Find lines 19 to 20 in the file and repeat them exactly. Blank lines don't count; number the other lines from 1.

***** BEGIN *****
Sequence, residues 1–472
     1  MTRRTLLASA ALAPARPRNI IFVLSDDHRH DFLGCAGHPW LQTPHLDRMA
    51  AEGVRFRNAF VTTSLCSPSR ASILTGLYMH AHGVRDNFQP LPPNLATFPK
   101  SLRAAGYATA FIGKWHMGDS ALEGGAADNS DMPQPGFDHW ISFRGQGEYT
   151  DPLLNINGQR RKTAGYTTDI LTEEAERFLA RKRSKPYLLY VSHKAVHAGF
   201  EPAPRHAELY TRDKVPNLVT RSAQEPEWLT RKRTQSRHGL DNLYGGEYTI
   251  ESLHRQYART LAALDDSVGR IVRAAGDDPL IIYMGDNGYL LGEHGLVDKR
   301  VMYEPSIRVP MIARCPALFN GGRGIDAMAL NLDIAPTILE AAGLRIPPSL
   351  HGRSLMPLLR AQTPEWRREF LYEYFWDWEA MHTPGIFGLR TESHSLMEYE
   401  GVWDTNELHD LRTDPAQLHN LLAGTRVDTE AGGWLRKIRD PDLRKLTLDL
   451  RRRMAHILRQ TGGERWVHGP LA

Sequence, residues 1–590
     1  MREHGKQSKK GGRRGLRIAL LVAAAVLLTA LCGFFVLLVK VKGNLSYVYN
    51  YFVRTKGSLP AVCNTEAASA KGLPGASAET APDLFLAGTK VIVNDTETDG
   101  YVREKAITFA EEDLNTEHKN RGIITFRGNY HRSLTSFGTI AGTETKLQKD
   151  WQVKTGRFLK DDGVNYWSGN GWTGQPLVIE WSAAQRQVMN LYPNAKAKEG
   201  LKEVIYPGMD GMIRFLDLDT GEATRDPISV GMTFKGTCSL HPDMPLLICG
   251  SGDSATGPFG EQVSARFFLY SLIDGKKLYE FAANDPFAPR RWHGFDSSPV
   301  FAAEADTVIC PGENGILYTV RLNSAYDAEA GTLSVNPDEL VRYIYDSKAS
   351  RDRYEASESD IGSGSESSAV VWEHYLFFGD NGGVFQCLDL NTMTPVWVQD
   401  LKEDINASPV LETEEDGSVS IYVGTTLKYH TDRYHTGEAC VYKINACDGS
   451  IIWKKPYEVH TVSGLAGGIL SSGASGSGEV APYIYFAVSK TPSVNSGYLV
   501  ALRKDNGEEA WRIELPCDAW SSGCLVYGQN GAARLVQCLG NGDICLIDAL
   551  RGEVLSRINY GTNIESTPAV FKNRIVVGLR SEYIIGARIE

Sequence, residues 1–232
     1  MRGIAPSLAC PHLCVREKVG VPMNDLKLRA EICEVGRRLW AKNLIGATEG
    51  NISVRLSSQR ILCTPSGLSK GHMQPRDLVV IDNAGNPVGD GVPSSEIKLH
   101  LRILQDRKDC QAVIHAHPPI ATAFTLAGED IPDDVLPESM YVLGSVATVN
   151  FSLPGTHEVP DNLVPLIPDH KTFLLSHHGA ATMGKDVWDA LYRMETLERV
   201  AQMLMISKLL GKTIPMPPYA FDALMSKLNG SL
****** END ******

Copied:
   301  FAAEADTVIC PGENGILYTV RLNSAYDAEA GTLSVNPDEL VRYIYDSKAS
   351  RDRYEASESD IGSGSESSAV VWEHYLFFGD NGGVFQCLDL NTMTPVWVQD